When Rowan was a newborn, a young baby, he loved the light fixture above our bed. He lay on his back between me and Rachel, cooing and kicking at the round white bulb. If we turned it on, his whole body wriggled in paroxysms of joy. He spent a lot of time in those early months lying between us, talking to the ceiling. But, back then, awash in a tsunami of sleep deprivation and consequent anxiety, I did not revel. I worried. I angsted. I fretted that we were doing everything wrong, that we were somehow harming him even as he lay happy next to me, that he would never sleep and that I wouldn’t, either. I wondered why all the other new parents I know didn’t seem to be slowly going insane, desperate with the knowledge that they had made a huge, irrevocable, mistake.

One early January morning, lying next to my nursing baby, Rachel spooning him from the other side, a tiny voice managed to work its way through the fretting. “You all look so beautiful,” it said, and for the first time I imagined what we must look like to the outside world: three tired bodies, two parents surrounding a breast-feeding child, warm under a nest of feather duvets and receiving blankets. And I realized in that moment that we did look beautiful, but that — more importantly — we also looked just fine, like we were handling things, like we were okay. Good, even. And I realized that, in fact, that all the other parents I saw with their babies must have had moments of sheer terror and desperation, too. Which, somehow, helped make things feel a bit less scary.

I hung onto that moment for a long time, reminding myself that we were okay. Which we were, all along, even if it took months more to relax into. Which is why, even as he wakes me from deep sleep, even as he jams his toes between my legs to warm them up and asks me to fetch him some water, I revel in my son’s — and now my sons’ — occasional presence in my bed. I revel that they can be there and it is at worst a mild disruption, not cause for despair. I revel in the heads heavy on my shoulder even as my arm falls asleep. And then I fall asleep, or I move them, or move me, and the night continues.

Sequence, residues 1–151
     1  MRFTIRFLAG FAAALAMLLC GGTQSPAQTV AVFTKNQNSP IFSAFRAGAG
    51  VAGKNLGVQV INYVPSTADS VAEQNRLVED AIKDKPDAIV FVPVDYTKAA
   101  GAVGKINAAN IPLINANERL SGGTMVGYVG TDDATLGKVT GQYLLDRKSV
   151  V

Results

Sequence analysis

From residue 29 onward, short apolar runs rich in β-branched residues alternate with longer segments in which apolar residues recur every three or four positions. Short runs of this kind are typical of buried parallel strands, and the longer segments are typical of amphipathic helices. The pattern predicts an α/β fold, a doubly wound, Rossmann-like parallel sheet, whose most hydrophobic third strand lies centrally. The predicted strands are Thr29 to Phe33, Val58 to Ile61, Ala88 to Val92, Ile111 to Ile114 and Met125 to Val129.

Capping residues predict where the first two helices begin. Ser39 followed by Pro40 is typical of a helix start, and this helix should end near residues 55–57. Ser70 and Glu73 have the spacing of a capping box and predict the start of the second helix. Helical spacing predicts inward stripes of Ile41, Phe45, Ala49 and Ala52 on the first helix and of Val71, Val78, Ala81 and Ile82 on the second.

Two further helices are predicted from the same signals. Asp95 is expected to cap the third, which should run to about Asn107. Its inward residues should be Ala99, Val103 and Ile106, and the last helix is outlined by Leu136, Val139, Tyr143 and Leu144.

This morning at about 4 AM, I coughed, as quietly as I could, into my pillow.

“Mom!” came a voice from the side of our bed.


“You woke me up!”

“Oh,” I said. “I’m sorry.”

“That’s okay.”

And it was.

Friday, July 3, 2009

Bad babies

Look! It’s Friday afternoon! The sun is shining, I have a head cold to go with my bronchitis, a cherished friend is coming in for the weekend, and — yay! — I don’t have to write a new blog entry, because the following story, about how we found out that Rowan was a boy, just appeared in the wonderful magazine Brain, Child’s “Backtalk” section. Have a great weekend.

“Do you want to know the sex?” the ultrasound technician asked at my 18-week prenatal appointment.

“Yes,” I said, “but instead of telling me, can you just show me the anatomy on the screen so I can see for my—”

“It’s a boy,” she said.

O-kay. Moving right along, the technician did the anatomical scan. She kept trying to get good pictures of the baby’s various parts, but he (now that I knew he was a he) wasn’t in the right position. She tsk-tsked a few times over the uncooperative fetus, and then said, “What a bad baby.”

I was stunned. My partner was stunned. Who calls a baby — an unborn baby, no less — “bad”?

“A very bad baby,” she said again, as she tried to get a picture of his femur or something. And then, just in case we missed it, again: “Very, very bad.” I guess she’d skipped the sensitivity training day.

She sent me off to the washroom to pee and drink some water, to try to get my bad baby moving so that she could get the pictures she needed. I sat on the toilet, reeling, awash in my first moment of parental protectiveness. Who the hell was this woman? And how dare she call my baby “bad”?

I emerged from the washroom. “So,” the technician asked, wand in hand, “did you tell this bad baby to cooperate?”

“No,” I said, sweetly as I could. “I told him not to be scared of the mean lady.”